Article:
Fainall and Mirabell have returned to their banter, and have discussed the social situation at Lady Wishfort's house. Mirabell then begins to talk about his love for Millamant, and in this passage tells Fainall that he loves Millamant "with all her faults," declaring that even these faults are attractive because they are "so natural, or so artful." Although somewhat exaggeratedly romantic, Mirabell's words highlight the depth and earnestness of his love for Millamant. Unlike the other characters in the play, many of whom are married to one person while carrying out an affair with another, Millamant clearly has his heart set on one woman only, such that other women now appear "odious" to him. He seems prepared to love Millamant not as an ideal but as a whole person, including her flaws.

Act 2, Scene 1 Quotes

Men are ever in extremes; either doting or averse. While they are lovers, if they have fire and sense, their jealousies are insupportable: and when they cease to love…they loathe, they look upon us with horror and distaste, they meet us like the ghosts of what we were, and as from such, fly from us.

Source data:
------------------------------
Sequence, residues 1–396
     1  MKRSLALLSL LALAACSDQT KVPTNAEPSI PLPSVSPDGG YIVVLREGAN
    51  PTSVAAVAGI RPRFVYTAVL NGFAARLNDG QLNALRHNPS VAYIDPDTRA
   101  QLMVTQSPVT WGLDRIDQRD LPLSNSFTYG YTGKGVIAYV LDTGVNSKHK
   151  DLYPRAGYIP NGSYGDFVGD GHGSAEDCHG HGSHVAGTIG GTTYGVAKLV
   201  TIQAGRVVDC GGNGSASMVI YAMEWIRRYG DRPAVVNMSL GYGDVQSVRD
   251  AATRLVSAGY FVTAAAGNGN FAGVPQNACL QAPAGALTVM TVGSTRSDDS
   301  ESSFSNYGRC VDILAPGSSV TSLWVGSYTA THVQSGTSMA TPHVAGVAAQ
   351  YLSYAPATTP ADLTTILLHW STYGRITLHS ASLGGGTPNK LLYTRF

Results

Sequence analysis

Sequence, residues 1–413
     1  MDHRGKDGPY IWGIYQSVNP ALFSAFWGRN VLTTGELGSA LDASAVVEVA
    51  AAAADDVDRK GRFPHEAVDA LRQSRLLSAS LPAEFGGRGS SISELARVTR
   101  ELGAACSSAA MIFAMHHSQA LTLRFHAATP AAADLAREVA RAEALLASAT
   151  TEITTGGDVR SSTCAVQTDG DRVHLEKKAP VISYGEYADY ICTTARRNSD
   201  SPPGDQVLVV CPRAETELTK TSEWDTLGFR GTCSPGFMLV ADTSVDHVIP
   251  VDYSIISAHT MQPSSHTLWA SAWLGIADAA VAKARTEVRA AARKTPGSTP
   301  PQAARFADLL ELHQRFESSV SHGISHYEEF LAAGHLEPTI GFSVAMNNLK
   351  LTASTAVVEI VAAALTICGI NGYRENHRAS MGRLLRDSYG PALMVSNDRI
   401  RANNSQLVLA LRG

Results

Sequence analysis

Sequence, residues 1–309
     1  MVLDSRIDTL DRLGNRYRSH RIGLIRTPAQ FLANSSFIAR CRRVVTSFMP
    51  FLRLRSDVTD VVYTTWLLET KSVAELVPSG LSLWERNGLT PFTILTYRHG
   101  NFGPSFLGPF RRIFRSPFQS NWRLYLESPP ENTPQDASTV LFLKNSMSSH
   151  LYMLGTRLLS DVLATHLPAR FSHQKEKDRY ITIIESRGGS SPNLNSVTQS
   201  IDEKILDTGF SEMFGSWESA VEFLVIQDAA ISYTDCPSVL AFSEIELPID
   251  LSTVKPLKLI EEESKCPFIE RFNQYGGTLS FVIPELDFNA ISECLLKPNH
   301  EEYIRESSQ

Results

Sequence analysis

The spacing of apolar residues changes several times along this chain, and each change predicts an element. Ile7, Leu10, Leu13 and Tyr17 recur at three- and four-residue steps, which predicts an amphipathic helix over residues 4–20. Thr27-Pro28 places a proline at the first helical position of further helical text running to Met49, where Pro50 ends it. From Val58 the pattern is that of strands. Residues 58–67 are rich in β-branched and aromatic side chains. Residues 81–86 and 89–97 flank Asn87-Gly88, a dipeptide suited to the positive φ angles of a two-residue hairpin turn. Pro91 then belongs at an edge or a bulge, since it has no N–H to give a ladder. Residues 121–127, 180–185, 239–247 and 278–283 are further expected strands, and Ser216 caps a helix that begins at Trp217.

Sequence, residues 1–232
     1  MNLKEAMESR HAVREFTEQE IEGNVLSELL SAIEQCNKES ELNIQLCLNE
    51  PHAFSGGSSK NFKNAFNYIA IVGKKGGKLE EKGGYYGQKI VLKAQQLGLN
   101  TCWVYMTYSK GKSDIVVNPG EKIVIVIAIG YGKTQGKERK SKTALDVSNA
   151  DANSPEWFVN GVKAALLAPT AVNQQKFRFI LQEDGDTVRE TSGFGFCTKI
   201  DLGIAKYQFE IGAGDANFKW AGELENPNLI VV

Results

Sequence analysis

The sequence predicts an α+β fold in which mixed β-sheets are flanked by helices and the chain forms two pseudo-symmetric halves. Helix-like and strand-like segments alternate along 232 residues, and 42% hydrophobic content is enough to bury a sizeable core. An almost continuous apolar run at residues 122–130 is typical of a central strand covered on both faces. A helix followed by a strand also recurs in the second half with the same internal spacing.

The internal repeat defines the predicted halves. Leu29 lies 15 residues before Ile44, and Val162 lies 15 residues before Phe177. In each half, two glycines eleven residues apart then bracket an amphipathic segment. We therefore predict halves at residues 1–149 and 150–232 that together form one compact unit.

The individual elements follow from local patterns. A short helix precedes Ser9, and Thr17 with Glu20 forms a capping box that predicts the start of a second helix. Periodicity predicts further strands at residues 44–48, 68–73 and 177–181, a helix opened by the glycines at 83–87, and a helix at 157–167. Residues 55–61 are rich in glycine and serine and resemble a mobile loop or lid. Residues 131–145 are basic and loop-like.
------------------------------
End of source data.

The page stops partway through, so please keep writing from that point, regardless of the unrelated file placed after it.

Related Characters: Mrs. Arabella Fainall (speaker), Marwood
Page Number: 14
Explanation and Analysis:

Mrs. Fainall and Mrs. Marwood are walking in St. James' Park, discussing men and love. Mrs. Fainall has stated that it is better for women to find happiness within themselves than wait to be made happy by a man. In this passage she further explains this view, claiming that men's treatment of women is always in one of two extremes; either they are so "doting" that they become paranoid with jealousy, or they "loathe" women, looking on them "with horror and distaste," and abandon them. This statement, though strikingly cynical, does reflect the behavior of many men in the play. It perhaps less accurately describes the fools, who seem to treat women with a combination of sexual interest and disrespect, but this attitude is of course hardly desirable either.